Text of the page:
Happy November, my lovelies! We have another debut author with us this week. My friend Libby Doyle is here with The Pain Season, book two of her debut Covalent series. Libby writes sexy, action-packed urban fantasy that keeps you on the edge of your seat. Her latest book just dropped (music industry term, lol) on Halloween, so I’m excited to have her here with an excerpt and a chance to win a digital copy of book one. But before we get to that, I asked Libby some fun questions. 🙂
Hey folks! I have something a little different for you. My friend Gene Doucette writes one of my favourite characters in literature, Adam the Immortal. Today marks the release of the final book in Adam’s trilogy, Immortal at the Edge of the World.
In his very long life, Adam had encountered only one person who seemed to share his longevity: the mysterious red-haired woman. She appeared throughout history, usually from a distance, nearly always vanishing before he could speak to her.
In his last encounter, she actually did vanish—into thin air, right in front of him. The question was how did she do it? To answer, Adam will have to complete a quest he gave up on a thousand years earlier, for an object that may no longer exist.
If he can find it, he might be able to do what the red-haired woman did, and if he can do that, maybe he can find her again and ask her who she is . . . and why she seems to hate him.
“You are being watched. Move your loved ones to safety . . . trust nobody.”
But Adam isn’t the only one who wants the red-haired woman. There are other forces at work, and after a warning from one of the few men he trusts, Adam realizes how much danger everyone is in. To save his friends and finish his quest he may be forced to bankrupt himself, call in every favor he can, and ultimately trade the one thing he’d never been able to give up before: his life. Goodreads * Add to Want To Read List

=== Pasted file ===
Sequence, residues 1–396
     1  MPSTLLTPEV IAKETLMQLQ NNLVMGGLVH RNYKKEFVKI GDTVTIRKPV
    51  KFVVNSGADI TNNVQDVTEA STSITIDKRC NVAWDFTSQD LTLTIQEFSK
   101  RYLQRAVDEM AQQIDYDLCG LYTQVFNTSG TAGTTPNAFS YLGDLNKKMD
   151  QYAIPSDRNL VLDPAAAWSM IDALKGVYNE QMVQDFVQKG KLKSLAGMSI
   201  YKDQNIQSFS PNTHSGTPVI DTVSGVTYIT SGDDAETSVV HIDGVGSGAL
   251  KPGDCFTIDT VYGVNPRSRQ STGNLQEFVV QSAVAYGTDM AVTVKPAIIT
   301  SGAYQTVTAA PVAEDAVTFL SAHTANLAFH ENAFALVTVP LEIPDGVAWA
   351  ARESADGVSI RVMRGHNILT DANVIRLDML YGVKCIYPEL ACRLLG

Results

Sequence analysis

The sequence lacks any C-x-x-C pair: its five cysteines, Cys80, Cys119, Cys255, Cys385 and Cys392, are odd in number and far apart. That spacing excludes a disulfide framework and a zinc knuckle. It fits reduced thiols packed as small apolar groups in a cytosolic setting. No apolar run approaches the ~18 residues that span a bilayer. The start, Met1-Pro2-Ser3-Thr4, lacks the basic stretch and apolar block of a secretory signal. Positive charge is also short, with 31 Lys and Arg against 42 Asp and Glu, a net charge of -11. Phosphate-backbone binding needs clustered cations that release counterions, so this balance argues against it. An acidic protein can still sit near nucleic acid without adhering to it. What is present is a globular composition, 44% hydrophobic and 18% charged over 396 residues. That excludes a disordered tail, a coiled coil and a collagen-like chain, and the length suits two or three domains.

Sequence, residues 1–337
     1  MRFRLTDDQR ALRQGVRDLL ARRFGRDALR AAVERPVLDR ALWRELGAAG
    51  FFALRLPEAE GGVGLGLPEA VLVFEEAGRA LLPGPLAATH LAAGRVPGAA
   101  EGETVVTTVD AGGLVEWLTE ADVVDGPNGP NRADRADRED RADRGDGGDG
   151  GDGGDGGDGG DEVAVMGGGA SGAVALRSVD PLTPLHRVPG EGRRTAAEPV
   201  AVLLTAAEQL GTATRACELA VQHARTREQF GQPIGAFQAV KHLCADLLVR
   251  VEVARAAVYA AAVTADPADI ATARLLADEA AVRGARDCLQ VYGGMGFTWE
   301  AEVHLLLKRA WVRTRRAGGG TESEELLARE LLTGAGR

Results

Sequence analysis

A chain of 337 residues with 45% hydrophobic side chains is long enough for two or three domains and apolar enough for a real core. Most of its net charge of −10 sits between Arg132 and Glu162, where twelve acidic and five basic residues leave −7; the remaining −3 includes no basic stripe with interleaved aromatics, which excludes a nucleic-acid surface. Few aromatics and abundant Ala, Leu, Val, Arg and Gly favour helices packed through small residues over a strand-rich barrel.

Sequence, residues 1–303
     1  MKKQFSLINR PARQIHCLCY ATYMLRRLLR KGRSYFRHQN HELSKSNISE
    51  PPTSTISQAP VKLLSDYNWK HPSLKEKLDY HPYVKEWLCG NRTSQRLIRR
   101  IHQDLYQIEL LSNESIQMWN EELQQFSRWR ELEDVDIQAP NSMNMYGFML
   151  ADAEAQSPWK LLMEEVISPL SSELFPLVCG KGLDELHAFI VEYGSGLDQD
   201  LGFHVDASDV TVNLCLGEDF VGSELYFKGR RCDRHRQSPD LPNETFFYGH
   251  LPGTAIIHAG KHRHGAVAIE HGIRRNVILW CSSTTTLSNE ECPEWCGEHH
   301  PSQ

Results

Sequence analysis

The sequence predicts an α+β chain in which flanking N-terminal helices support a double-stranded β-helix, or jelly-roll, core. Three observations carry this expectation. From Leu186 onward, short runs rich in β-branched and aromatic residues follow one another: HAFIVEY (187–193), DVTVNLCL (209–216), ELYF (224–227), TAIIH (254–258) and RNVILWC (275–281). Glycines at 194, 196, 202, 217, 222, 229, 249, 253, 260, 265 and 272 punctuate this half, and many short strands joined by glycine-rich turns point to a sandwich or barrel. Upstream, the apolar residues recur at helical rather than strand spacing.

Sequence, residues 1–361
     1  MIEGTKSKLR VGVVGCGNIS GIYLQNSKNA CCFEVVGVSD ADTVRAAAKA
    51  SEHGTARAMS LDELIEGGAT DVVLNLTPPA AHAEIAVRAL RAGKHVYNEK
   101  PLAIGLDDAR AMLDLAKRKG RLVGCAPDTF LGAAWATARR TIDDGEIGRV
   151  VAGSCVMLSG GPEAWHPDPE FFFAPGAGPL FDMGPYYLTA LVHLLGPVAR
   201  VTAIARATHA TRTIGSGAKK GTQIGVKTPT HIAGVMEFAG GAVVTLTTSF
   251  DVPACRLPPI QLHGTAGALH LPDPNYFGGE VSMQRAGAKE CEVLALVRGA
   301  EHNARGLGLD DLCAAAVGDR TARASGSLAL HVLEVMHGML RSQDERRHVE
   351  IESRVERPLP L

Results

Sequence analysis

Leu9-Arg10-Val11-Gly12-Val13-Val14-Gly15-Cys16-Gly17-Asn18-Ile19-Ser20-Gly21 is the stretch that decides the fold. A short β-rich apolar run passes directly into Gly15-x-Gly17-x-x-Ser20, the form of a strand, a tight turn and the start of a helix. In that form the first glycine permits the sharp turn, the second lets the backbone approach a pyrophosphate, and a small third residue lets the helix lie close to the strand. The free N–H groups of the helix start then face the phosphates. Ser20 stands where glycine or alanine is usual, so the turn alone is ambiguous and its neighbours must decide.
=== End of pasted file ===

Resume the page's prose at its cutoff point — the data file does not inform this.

So Gene, did you always want to be a writer?
Yep. The story goes that when I was about three years old I was asked by a waitress what I wanted to be when I grew up, and I answered “bookmaker”. My parents assumed this meant “writer” and not “guy who takes bets on sporting events”, and I think they were probably right.
When did you first consider yourself a “writer”?
Probably not long after that story. There’s a poem I wrote about snow when I was… I don’t even know how old I was… framed on the wall of my mother’s house. My writing has improved since, although my handwriting is just about as bad.
Did it take a long time to get your first book published?
That depends on what we’re calling my first book. My first novel was never published, and neither was my second novel. My third was Immortal and it took about seven or eight years depending on when I decide to start counting. If we’re going by other metrics, I was submitting that first unpublished novel to agents in 1992, so we can start counting there if you’d like me to kill myself.
Do you have a process or routine that you follow when writing?